You don't know what you don't know June 2015

5 Jun 2015 | Mandie Rose van der Meer

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 By Mandie Rose van der Meer


You don’t know what you don’t know (#YDKWYDK)

An ACCESS column for expats in the early stages of their Dutch journey


If you’re new in the Netherlands – however you define ‘new’ – there are a host of things you have yet to learn or be exposed to. Here are a few tips, answers to questions you didn’t even know you needed to ask. This month’s focus: the Dutch art of underselling.



Underselling, you ask? Proprietors lowering prices and convincing you to spend less money at their place of business? Oh, yes. It’s ubiquitous here, and yet I continue to let it surprise me, staring open-mouthed and dumbfounded when the item I’m about to purchase is taken out of my hands and replaced with a cheaper version. Allow me to share some examples.



I go alone to a small Thai fast-food place for an early dinner. Thai women are behind the counter frying kroepoek and slicing vegetables; the Dutch owner welcomes me to a table. When it’s time for me to order, he openly disapproves of my choice, telling me not to get the fried rice but the white rice. The fried rice taints the flavour of the meal and I’ll miss the essence of the dish, so better to get the plain rice. “And then you save €1.50,” he says. (Here’s where we take a pause in the story to register shock. Have you paused?)


I’ve worked in seven restaurants in the U.S. and never heard an owner suggest a cheaper option to his customers. As a server, “upselling” was the name of the game from Longhorn Steakhouse (“I bet you’d like the Porterhouse, wouldn’t you, big guy?”) to Carrabba’s Italian Grill (“A bottle of our Chianti Classico would go great with the lasagne.”) to Applebee’s (“Can I get you an absurdly high-priced, greasy appetizer sampler that’s likely to give you chest pains later?”). So it’s not easy for me to understand Dutch underselling. I’ve been conditioned in the reverse.



This seaside village has a good ol’ Blokker for my household needs. I enter at about 5:30 p.m., looking for a new frying pan. Tefal is my brand of choice, but these are under lock and key so I need assistance. The Dutch employee is about to hand me the pan when she stops and asks me if I brought my old pan with me. Not in the habit of carrying around kitchen tools, I say no. She explains the special offer: I’ll get 30% off the new pan if I trade in the old one. I’m instructed to run home, get said pan, and come back before closing. Then and only then will she sell me the new one. After all, it’s a shame to pass up a good deal. (Insert pause for shock here.) Understanding from the tone of her voice that I would be a fool to reject this offer, I do as instructed. Later I leave with a new pan, and €6.99 richer.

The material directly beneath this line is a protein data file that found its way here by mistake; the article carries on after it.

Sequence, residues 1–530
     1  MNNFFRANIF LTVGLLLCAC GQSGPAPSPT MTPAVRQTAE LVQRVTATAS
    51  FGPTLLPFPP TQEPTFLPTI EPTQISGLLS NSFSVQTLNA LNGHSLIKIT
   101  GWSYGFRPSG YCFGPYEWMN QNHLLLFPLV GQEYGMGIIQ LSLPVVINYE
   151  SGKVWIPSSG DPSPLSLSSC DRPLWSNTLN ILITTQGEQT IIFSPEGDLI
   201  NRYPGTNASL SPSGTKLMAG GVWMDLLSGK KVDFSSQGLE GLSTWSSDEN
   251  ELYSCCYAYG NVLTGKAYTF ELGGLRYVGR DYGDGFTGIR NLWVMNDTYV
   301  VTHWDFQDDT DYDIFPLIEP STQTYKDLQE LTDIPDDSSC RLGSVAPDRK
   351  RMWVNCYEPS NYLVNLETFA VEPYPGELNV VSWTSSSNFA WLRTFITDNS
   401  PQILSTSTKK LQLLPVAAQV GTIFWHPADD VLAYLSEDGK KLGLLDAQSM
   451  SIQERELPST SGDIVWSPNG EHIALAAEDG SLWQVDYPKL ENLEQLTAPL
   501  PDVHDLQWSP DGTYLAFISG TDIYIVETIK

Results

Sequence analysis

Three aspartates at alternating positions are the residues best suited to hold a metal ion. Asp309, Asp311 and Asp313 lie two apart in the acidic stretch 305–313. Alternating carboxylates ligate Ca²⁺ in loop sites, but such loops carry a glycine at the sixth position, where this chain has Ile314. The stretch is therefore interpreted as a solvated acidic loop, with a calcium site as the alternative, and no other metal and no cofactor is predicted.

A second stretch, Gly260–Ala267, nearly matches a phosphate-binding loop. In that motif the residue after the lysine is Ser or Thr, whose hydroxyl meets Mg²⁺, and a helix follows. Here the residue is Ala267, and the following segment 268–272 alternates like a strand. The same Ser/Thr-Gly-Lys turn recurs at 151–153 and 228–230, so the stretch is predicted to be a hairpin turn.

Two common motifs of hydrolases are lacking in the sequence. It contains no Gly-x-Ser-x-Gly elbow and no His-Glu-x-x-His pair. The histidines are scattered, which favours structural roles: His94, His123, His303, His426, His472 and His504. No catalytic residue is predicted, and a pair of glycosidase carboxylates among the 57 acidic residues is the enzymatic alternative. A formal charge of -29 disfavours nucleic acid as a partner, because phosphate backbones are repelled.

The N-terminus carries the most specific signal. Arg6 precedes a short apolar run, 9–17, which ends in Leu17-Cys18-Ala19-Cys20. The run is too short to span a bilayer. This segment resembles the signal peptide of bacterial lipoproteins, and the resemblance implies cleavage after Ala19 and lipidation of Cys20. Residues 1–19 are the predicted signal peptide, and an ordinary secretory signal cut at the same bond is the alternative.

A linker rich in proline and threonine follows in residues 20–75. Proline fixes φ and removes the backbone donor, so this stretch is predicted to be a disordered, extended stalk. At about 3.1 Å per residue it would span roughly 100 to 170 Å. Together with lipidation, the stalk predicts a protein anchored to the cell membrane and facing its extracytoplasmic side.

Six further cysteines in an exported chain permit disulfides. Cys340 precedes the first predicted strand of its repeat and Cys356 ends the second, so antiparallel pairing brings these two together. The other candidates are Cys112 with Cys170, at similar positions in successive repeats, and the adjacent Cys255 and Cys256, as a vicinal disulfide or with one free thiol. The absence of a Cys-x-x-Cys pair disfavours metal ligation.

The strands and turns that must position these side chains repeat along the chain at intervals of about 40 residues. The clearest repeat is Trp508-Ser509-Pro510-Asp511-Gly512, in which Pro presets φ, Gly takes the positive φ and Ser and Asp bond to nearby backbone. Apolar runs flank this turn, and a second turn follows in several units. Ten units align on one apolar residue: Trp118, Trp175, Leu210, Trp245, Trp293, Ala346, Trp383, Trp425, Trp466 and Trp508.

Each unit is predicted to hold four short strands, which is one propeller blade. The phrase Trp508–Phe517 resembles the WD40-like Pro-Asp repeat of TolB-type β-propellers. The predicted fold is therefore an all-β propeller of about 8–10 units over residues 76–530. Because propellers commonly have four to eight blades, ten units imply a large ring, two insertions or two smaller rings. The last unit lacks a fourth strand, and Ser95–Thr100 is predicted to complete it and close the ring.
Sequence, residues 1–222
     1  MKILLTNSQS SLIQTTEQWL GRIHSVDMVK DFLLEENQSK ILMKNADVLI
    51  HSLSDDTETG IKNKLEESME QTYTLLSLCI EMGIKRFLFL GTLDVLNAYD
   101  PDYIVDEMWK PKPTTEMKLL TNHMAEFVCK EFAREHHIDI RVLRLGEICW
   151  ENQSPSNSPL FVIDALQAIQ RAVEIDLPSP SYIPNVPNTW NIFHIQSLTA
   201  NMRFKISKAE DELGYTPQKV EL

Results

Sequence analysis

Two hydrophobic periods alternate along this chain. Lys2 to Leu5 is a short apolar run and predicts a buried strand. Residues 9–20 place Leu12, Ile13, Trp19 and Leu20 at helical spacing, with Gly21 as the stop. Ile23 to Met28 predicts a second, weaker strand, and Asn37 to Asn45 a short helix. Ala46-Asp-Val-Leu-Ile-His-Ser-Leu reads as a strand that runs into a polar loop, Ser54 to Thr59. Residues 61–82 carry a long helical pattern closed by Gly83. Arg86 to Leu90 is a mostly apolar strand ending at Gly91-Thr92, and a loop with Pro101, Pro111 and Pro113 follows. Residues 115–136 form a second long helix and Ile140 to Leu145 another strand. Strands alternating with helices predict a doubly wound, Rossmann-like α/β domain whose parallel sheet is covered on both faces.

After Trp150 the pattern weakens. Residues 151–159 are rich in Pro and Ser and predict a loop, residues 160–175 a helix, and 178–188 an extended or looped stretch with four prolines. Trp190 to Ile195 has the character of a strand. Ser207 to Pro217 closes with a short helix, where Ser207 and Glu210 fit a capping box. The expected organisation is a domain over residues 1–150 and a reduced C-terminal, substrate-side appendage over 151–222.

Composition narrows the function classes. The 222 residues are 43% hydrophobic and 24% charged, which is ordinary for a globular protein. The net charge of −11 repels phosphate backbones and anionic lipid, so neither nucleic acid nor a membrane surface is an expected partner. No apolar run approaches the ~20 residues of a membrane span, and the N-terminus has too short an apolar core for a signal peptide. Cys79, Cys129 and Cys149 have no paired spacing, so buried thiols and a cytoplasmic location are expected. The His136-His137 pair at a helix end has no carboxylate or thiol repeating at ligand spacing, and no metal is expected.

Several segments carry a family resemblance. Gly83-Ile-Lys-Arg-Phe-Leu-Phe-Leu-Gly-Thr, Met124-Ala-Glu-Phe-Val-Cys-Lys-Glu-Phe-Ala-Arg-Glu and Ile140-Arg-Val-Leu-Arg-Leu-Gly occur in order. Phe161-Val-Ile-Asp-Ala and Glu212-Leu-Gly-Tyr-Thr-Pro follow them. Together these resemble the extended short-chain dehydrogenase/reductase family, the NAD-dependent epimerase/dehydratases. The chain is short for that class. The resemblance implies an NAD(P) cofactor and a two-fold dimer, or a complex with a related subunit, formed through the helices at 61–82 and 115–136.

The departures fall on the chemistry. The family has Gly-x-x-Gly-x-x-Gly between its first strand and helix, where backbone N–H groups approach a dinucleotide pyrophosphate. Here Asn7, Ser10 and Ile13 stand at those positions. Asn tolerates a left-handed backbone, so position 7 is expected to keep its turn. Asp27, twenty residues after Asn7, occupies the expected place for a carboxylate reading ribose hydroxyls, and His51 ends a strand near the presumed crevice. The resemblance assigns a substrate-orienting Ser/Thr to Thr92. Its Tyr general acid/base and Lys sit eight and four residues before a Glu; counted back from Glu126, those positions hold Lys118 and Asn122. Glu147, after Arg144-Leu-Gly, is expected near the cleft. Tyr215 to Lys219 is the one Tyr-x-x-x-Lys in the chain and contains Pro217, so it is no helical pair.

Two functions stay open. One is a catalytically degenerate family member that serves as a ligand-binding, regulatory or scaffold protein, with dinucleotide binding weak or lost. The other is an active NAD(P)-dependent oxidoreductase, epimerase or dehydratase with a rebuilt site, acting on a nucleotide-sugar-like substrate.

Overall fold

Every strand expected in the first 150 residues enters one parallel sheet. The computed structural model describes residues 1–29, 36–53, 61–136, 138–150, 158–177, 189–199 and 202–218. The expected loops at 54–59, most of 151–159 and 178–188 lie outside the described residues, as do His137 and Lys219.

Of course, it’s not unthinkable that an employee at Target or K-Mart back in the States might have behaved the same. But I haven’t experienced it. Generally the burden falls on the customer to clip coupons and calculate the savings between fresh market bananas versus supermarket-bought.


Schiphol airport

An American friend comes to visit for a tour of Holland’s windmills, followed by a trip to Paris to meet Mona Lisa. Tracy, let’s call her, does ample research on our train options, and we decide the high-speed train is the way to go. At the ticket counter in the airport we request two tickets to Paris. The NS agent automatically rings us up for the cheaper, local train, which requires transfers and takes an extra two hours, but the croissants are calling and we want to get there asap. My friend requests the faster option. “But that’s more expensive,” the agent tells us, her brow furrowed in concern for our frivolity. (Dumbfounded shock on both our faces.) “Uh, yes, we know, thanks. But we’d still like the faster train,” says Tracy. With a sigh and a shake of the head, the agent sells us the new tickets.


My Dutch husband hypothesizes that this practice of proprietors to undersell is centuries in the making, its roots deep in trade. You’re a better trader and businessperson if you offer your customers a good deal. Customers will appreciate you helping them save money and they’ll trust you to do the same next time. That’s what it means to nurture loyal customers. It’s just good business. In fact, some Dutch customers could even be offended if they found out later that they weren’t offered the better deal. It’s on the proprietor to be open and honest about savings opportunities.


As a foreigner, you may be surprised or even irritated by this Dutch habit. I’m learning to suppress my shock and take the offer, despite having to run back home frequently for coupons and kitchen tools. I’m not known for thrifty penny pinching, much to my husband’s dismay, so any help from these perfect strangers to save a few euros here and there is (usually) welcome.


But if I want the higher-quality (and more expensive) item, then I will insist, and you should feel free to do so, too. It’s not like they won’t take your money… though expect a shrug of judgment along with your receipt.



For professional tips on adapting to Dutch culture and successfully integrating, look to these experienced ACCESS Trainers who know what you don't know: /about-access/how-we-do-it/meet-the-trainers.aspx


For more stories of expats’ personal experiences with Dutch culture, check out the book “Ready, Steady, Go Dutch,” available for purchase at English bookshops in Holland, or via the website:


Mandie Rose van der Meer is an American writer, editor, instructor and ACCESS volunteer. She lives in Noordwijk with her Dutch husband. Reactions welcome at


Note: The views expressed here are those of the author and do not necessarily represent or reflect the views of ACCESS.



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